After we had our first son, I was a little confused and depressed. Before the baby, the only two people I was living for were the man I loved to death (I still do love him to death), my Berhan, and myself. My Berhan has never needed my help for him to live. So, my life was a breeze!
Then, BOOM! Our son came along! And life took a completely different turn. I mean, I was pregnant for nine months and I was expecting the baby to come along, but I thought having a baby and being a mother was a matter of a week-long celebration. I believed that life would go back to where it was before but it never did. Within a blink of an eye, so it seemed, I was 24 hours on call so that one tiny baby would make it in this world.
It would be an understatement if I said I was a mess! I didn’t want to get up in the morning. Good and uninterrupted sleep became a story of the past. I was breastfeeding my baby as often as, so it seemed, every half an hour.
My mom came from Addis Ababa, Ethiopia to help me out. Yeah, some of you may think that I am so spoiled to feel blue after I had those extra two helping hands, but for me those two extra hands didn’t mean anything. I was very down and I was struggling even to comb my hair, which used to be my routine every morning. (BTW, this episode is called Postpartum Depression – I will talk about it some other time).
My mom quickly noticed that I was depressed and she was doing everything she could to make me happy.
One Saturday morning, maybe three or four weeks after we had our first son, my Mom recommended that I buy new clothes. My Berhan loved the idea, but I didn’t because I was already four or five sizes up and the idea of facing that reality for me was unthinkable.
But when I saw their excitement, I said to myself, “Let me not burst their bubbles.” and agreed with the idea.
I bought a suit (pants with its jacket). Those suits covered all those extra pounds very well that I liked them. I didn’t expect myself to like them but I did.
The next morning, I came downstairs with my pajama and messy hair, carrying my baby. My mom was sitting in the kitchen. She looked at me and said, “Where are the new outfits?”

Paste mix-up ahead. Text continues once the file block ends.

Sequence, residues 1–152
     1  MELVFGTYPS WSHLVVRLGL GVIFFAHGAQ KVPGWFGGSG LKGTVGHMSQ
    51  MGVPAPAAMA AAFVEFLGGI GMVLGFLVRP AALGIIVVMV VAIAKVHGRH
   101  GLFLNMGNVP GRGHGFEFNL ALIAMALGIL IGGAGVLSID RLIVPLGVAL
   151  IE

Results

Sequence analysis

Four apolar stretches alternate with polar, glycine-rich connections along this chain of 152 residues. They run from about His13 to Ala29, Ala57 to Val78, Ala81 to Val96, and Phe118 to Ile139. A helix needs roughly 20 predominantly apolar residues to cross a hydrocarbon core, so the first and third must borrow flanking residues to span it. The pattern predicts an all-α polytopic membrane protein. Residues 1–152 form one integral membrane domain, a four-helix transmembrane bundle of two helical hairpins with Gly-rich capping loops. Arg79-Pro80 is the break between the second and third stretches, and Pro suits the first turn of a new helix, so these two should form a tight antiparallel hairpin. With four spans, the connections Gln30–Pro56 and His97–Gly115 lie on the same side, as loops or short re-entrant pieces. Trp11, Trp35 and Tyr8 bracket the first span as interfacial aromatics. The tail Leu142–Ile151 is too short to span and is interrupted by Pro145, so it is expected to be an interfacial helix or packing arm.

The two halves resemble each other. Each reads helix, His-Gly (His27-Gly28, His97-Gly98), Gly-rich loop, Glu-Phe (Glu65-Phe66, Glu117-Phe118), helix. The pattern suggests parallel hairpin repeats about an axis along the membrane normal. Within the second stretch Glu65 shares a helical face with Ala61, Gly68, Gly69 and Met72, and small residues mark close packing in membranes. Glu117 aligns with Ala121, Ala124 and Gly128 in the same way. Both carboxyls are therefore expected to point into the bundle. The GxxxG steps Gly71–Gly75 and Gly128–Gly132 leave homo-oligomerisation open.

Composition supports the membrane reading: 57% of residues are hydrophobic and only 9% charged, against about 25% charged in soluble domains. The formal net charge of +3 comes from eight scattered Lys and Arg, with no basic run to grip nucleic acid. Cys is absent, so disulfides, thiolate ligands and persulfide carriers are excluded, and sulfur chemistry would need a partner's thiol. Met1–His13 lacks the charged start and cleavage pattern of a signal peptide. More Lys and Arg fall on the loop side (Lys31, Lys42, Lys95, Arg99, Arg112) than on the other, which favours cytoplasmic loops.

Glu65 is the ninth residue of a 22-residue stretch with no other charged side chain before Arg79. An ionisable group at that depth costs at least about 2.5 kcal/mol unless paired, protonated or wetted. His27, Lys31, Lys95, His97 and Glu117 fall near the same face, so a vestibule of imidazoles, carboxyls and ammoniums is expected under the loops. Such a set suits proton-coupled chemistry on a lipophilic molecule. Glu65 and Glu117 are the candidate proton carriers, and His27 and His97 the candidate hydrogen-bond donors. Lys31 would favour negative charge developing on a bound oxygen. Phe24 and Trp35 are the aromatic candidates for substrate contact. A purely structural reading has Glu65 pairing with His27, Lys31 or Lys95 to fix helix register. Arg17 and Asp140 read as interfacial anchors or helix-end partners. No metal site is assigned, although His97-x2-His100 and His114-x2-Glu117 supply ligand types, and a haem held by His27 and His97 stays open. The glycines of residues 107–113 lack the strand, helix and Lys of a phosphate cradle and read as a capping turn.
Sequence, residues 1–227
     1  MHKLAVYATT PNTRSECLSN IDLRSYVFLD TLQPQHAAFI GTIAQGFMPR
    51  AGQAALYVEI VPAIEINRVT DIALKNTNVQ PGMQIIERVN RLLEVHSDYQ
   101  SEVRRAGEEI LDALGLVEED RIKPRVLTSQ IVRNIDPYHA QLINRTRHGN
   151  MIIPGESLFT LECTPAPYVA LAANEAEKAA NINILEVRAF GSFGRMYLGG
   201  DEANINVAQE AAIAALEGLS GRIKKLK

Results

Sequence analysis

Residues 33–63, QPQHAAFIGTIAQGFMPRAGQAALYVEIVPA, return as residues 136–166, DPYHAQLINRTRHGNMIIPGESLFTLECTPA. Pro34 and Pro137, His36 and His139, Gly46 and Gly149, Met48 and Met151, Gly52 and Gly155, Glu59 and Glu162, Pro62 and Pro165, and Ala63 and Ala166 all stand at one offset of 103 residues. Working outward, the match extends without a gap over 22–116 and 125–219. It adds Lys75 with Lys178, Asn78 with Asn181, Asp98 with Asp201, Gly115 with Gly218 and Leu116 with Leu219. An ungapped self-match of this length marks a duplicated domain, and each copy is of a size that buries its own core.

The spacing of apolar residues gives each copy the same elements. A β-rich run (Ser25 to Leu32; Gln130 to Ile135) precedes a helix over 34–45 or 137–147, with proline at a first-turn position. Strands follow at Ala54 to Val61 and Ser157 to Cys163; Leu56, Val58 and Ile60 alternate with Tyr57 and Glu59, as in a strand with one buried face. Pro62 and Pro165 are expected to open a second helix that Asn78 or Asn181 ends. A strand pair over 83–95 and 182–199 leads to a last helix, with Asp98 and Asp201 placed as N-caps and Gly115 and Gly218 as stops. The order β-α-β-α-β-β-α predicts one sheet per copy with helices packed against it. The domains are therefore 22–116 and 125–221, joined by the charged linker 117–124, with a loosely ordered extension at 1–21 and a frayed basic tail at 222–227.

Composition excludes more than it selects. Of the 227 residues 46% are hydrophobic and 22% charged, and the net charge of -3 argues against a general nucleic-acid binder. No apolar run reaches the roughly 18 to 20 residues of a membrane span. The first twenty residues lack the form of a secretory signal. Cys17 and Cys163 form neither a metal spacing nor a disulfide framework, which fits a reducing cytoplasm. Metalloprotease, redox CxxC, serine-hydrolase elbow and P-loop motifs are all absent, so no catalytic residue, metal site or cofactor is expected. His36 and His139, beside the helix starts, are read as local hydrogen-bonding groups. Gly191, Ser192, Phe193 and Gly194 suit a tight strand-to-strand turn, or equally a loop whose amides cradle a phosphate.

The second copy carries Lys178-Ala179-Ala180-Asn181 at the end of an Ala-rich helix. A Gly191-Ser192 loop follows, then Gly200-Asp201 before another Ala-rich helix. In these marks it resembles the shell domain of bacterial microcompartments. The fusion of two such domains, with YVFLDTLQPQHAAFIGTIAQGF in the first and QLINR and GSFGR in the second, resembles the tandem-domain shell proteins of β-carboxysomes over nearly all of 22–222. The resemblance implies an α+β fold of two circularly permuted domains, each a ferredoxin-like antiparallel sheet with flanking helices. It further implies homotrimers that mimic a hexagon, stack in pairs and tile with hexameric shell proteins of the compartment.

I said to her, with a tone, “I have nowhere to go,” and rolled my eyes as if to say, “Come back to reality; I have no life anymore.”
She said with the most loving mother kind of tone, “Oh, my daughter, you don’t have to go anywhere for you to look good.”
I said, “Next Saturday we have a wedding to go to. I will wear it then.”
Smiling at me, as if to say, “I used to think that way but not anymore,” she said, “Who told you that tomorrow is going to be yours? Today is the day for you to live not tomorrow. Bring the baby to me and go upstairs, wear the new clothes and look good. If we won’t have anywhere to go, we will go for a walk.”
That truth hit me right between the eyes. I didn’t even hesitate. I gave her the baby and went upstairs.
Yes, today is the day we are given to get it right, not tomorrow. If we don’t get it right today, there is a high probability that we won’t get it right tomorrow because tomorrow is a different day; and when tomorrow comes, it will come with a different problem of its own. And tomorrow is as they said, “ a mystery” not a reality. It may not come as we think it will.
As the Bible says, “Therefore do not worry about tomorrow, for tomorrow will worry about itself. Each day has enough trouble of its own.” (Matthew 6:34)
What we need to fix today needs to be fixed today, not tomorrow because when tomorrow comes (and becomes today), it comes with a problem of its own and adding our “yesterday’s” problem to our today will make our today a lot harder than it is supposed.
Yes, yesterday (with its problems) must remain as history and tomorrow must be left alone as a mystery that we can’t depend on but today as they said is “a present” from God for us to face our struggles head on so that we receive our tomorrows with faith, hope and courage. ///